Stone rows delineating garden boundaries near Okoropunga, on the Wairarapa east coast
The individual patches are 10 to 30 m across and 150 m from the foot of the steep slope to the sea. This view is taken looking to the south-west. The appearance of rows running parallel to the beach, further dividing the gardens into rectangular plots, is somewhat misleading. The lines parallel to the beach are ridges of stones thrown up by Storms at the back of former beaches. Over thousands of years, these beaches have been lifted by earthquakes out of the reach of wave-action. The main stone row boundaries have been constructed at right angles over the line of the beach ridges, although some of the ridges themselves may have been enhanced and also served to mark the boundaries of gardens. Some of the stones in the garden rows were taken from the depressions (borrow-pits) which show along the top edge of the principal beach ridge. Throughout the Wairarapa, the original topsoils that existed in these areas have been removed by fierce squally winds, thus causing the abandonment of the gardens. In their original form the gardens would have been fringed with coastal forest and protected from wind.
In stony areas the presence of mounds, rows and other features offers the enticing prospect of furthering the understanding of Māori gardening practices. We know that Polynesians were very particular about the arrangement of plots and the paths through them. One reason was the tapu that attached to growing plants at certain stages, and there may have been more general considerations of what would now be called 'property'. The rows and mounds therefore had functions other than just the placement of stone waste removed from the plot itself. The stones are often arranged in definite patterns, with the rows running down the slope. In this pattern they are thought to reflect a typical Polynesian subdivision of the landscape into individual or whānau plots. 17 These garden plots come close to offering a sense of property, however ambiguous and difficult to interpret, in pre-European society. Helen Leach has estimated that, for the Auckland area, plots ranged from 80 to 300 m long and 25 to 60 m wide, i.e., from 0.2 to 1.8 ha. These larger areas were subdivided into smaller areas of about 10 by 20 m (0.02 ha). At Anaura Bay on the East Coast the plots recorded by the Endeavour observers were up to 2 ha in area and subdivided into plots of 0.04 to 0.06 ha in area. 18 Some of the aerial photographs presented here show plots of just these sizes, for example, those at Okoropunga on the Wairarapa coast.
Other purposes that have been suggested for the stones set aside from fields are: field shelters or houses; 19 'shelter belts' for the crops; markers for the sides of paths (important in avoiding breaches of tapu); 20 areas of particularly high ground temperatures for the propagation of young plants in spring; 21 and finally, elevated, well-drained places over which the running vines of yam or kūmara could be placed.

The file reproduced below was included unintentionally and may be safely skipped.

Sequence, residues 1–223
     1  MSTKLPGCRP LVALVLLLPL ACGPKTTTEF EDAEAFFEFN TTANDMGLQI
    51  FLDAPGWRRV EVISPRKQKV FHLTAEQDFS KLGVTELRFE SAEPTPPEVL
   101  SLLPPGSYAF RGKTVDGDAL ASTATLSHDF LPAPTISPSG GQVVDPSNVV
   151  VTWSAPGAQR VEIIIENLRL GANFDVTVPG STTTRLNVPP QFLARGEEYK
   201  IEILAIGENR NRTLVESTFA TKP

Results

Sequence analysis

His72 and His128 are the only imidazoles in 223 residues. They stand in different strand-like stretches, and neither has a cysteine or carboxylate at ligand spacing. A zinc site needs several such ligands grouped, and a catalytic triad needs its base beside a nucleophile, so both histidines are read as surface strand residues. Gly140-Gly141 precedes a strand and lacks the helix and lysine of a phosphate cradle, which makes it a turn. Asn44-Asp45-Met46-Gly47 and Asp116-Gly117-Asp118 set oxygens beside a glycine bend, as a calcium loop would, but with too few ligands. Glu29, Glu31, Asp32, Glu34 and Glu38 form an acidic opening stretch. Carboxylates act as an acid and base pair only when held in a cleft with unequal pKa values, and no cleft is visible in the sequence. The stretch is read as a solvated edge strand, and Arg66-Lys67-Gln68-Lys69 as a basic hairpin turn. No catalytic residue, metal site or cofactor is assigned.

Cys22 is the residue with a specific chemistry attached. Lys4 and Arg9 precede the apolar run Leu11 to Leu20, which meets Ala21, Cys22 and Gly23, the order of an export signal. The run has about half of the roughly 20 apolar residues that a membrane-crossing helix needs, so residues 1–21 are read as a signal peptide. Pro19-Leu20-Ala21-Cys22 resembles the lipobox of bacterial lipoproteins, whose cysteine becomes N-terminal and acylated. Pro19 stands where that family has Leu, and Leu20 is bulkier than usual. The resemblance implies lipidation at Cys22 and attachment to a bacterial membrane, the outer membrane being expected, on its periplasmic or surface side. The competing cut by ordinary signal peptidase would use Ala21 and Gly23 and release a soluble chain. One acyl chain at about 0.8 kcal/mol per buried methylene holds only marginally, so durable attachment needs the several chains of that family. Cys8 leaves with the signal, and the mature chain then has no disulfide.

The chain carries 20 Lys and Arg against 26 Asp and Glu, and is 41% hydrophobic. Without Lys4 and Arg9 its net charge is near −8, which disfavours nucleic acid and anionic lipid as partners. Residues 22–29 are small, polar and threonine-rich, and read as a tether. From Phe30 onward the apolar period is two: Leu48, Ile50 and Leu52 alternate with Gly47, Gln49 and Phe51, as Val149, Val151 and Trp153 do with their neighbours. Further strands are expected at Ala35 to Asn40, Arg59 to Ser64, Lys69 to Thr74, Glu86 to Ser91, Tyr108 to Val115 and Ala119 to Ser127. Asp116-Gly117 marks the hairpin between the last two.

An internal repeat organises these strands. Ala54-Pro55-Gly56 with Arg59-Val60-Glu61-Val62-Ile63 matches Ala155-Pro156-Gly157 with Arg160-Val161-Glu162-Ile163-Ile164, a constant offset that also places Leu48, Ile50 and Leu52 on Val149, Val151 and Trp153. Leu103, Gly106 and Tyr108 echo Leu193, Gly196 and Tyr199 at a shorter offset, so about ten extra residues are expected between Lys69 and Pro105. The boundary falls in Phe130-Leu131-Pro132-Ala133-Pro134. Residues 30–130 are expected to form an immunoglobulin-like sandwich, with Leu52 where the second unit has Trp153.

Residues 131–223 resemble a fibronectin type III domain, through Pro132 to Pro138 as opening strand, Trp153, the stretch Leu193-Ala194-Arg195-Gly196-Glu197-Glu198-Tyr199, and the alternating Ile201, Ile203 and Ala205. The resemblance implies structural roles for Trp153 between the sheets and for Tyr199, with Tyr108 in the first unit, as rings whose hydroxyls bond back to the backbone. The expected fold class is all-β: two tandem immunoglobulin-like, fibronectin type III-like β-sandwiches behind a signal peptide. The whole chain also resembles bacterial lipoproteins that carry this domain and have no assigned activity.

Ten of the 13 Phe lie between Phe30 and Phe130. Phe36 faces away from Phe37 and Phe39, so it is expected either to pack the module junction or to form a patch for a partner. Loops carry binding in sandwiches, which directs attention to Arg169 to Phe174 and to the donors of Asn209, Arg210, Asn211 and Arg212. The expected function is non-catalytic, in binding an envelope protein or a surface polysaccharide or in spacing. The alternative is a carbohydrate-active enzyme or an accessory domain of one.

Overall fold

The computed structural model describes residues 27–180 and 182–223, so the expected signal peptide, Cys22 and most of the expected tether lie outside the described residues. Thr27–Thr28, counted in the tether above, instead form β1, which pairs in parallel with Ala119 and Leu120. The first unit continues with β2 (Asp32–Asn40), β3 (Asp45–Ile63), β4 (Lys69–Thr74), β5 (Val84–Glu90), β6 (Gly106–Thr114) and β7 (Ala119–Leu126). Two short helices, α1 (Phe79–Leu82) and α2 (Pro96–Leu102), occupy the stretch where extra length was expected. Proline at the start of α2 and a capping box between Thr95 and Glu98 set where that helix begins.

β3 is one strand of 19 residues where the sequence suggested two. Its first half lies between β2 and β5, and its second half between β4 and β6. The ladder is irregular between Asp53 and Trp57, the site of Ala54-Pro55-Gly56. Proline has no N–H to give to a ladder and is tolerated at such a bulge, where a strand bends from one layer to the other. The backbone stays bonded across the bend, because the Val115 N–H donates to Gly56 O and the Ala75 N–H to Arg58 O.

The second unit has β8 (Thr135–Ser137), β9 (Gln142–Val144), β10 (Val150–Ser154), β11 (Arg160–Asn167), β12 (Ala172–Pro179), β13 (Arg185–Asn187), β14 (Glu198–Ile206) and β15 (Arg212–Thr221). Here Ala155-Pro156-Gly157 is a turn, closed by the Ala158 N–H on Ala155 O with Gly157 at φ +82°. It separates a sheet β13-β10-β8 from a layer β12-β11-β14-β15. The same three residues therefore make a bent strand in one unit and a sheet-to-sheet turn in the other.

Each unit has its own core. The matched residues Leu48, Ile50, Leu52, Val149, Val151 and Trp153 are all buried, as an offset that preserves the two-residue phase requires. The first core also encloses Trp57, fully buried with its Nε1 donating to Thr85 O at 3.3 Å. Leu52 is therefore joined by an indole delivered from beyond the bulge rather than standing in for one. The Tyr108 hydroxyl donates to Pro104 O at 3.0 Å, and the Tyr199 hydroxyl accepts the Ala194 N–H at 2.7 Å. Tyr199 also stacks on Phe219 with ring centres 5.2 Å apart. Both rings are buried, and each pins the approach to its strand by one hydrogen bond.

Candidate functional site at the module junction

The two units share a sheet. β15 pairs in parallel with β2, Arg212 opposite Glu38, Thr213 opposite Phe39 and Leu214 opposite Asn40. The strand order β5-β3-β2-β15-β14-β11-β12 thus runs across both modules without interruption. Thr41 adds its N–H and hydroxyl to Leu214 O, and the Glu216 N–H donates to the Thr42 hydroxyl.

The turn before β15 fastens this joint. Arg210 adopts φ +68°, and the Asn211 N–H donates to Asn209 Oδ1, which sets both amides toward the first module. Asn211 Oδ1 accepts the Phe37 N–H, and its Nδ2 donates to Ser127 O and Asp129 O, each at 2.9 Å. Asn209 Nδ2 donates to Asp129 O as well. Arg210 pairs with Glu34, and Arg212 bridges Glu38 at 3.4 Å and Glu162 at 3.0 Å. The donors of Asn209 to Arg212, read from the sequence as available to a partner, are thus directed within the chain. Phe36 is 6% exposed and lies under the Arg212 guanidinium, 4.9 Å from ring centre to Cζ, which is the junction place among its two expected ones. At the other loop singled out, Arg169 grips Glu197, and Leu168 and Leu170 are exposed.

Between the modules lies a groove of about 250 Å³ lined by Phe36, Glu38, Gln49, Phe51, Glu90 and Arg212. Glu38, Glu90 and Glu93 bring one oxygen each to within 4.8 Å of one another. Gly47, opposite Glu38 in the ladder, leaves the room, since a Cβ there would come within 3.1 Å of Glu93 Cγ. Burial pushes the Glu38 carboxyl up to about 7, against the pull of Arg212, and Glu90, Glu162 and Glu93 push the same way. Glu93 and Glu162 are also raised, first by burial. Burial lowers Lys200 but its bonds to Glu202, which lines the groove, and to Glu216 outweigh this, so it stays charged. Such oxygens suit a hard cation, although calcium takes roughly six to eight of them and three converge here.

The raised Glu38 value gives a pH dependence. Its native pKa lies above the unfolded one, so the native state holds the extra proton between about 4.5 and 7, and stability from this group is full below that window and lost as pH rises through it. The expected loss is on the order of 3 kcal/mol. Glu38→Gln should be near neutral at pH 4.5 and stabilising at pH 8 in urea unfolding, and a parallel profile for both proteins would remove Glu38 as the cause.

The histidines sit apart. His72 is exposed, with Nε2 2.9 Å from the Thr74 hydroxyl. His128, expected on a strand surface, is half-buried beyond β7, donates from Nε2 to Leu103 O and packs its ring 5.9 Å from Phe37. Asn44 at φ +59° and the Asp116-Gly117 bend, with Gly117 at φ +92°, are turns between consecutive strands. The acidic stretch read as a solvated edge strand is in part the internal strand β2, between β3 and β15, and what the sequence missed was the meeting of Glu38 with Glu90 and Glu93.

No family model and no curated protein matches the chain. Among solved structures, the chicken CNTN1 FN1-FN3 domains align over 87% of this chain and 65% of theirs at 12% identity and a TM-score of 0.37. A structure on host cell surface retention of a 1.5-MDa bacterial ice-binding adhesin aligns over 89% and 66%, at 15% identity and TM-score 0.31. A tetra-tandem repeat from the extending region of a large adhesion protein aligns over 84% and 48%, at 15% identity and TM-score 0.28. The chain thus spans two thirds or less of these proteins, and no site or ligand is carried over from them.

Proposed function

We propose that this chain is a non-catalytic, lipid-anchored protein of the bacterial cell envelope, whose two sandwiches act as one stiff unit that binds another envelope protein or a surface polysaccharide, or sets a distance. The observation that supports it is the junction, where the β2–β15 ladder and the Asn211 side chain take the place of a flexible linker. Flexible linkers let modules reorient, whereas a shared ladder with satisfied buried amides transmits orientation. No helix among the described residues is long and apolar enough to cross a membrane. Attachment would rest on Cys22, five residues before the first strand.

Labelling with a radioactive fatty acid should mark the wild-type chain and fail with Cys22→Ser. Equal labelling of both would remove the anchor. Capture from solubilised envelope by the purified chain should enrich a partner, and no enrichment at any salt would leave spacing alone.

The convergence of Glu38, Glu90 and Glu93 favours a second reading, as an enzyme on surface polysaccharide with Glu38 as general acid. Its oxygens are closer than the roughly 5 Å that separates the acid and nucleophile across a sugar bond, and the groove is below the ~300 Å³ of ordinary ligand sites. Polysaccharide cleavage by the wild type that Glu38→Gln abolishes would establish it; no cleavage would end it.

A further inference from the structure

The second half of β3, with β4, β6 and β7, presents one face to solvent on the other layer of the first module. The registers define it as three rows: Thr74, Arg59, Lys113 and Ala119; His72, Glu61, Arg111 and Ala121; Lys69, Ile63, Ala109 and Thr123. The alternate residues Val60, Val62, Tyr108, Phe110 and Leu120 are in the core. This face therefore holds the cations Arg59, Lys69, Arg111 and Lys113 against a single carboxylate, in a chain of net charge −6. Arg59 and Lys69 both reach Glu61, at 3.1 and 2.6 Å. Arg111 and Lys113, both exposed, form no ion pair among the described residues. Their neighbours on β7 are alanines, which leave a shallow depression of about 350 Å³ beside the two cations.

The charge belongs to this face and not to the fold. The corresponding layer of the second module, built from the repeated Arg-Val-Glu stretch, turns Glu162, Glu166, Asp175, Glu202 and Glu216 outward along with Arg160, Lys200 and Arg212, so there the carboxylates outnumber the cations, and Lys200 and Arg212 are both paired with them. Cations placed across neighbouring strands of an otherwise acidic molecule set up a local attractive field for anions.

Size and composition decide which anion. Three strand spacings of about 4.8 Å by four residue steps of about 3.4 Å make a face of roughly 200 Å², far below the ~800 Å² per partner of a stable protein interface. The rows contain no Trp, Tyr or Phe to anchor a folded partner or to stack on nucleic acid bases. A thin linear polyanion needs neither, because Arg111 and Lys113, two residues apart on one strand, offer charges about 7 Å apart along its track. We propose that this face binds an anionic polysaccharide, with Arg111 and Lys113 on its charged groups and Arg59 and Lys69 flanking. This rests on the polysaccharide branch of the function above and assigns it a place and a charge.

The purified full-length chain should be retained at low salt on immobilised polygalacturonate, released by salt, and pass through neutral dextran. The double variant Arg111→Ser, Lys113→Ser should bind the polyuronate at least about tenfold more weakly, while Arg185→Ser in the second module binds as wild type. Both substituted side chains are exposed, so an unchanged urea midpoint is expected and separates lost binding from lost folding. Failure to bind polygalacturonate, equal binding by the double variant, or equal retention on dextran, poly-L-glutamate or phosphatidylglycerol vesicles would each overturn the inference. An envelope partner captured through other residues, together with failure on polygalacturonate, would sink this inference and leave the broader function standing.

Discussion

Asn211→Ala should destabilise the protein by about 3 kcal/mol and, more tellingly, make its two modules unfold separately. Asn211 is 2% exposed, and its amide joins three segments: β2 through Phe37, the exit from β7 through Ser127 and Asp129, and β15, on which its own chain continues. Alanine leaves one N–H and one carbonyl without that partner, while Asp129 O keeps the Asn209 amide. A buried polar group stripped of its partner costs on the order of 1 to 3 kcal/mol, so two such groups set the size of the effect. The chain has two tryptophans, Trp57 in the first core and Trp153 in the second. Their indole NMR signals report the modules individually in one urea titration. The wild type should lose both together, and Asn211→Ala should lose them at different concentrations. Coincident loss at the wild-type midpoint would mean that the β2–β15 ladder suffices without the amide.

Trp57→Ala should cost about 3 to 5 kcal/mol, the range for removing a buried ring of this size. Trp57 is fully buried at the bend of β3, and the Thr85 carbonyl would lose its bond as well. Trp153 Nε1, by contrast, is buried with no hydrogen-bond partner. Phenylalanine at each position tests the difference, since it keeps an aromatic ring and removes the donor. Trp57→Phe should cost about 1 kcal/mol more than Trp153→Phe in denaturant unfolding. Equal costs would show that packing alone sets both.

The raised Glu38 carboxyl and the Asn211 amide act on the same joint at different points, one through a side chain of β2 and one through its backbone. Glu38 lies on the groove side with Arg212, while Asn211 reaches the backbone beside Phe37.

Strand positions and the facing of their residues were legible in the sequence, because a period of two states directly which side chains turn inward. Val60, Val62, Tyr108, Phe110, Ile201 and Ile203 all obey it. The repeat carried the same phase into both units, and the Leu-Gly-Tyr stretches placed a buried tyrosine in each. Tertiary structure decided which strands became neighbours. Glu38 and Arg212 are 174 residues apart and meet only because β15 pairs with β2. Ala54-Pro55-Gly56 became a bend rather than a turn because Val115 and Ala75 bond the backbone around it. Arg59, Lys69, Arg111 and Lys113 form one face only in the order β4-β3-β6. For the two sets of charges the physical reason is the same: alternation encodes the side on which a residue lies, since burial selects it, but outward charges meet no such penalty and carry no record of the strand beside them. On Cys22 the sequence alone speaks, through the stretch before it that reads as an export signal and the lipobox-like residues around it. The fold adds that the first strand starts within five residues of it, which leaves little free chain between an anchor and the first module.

Drains and trenches
Mainly in Northland, but also as far south as Kawerau in the Bay of Plenty, drains or trenches are a feature of gardening areas. The functions of these are also controversial. Were they indeed drains, pure and simple, or trenches which served to mark boundaries where stone or scrub was not available? 22 Did the trenches offer unique gardening conditions, planted in their own right, for example, with taro planted at the bottom? A drainage function may seem obvious, but it was probably only one of several functions. In Northland drains or trenches occur in open swamps, at the foot of hill slopes and in small basins in volcanic stonefields. In the far North near the Awanui River, they lie in two broad patterns: one is a deliberately artificial, more or less rectangular pattern of some intricacy, delineating plot boundaries as well as serving to drain. The other is the simple modification of natural drainage features such as rivulets or erosion runnels. 23
Drainage pattern for gardening on the alluvial flats of the inner Rangaunu Harbour, near Kaitaia
The lines that show in the soil at this time (August 1944) were originally trenches or drains constructed by Maori, probably in the seventeenth or eighteenth century. They appear to follow and enhance a natural drainage pattern, showing clearly where natural streams enter the sinuous inner reaches of the estuary. The ditches were probably used for taro while the beds between were for kūmara. The ditches would have filled with dark, organic-rich mud over time, which would be periodically thrown on the gardens. When the ground was ploughed deeply, perhaps for the first time in the 1940s, the pattern of the channels has shown against the lighter coloured subsoil. Modern European drains have been cut over the older drains, and form a different and more sharply defined pattern. The river is about 16 m wide, and the typical trenches are 1 to 2 m wide.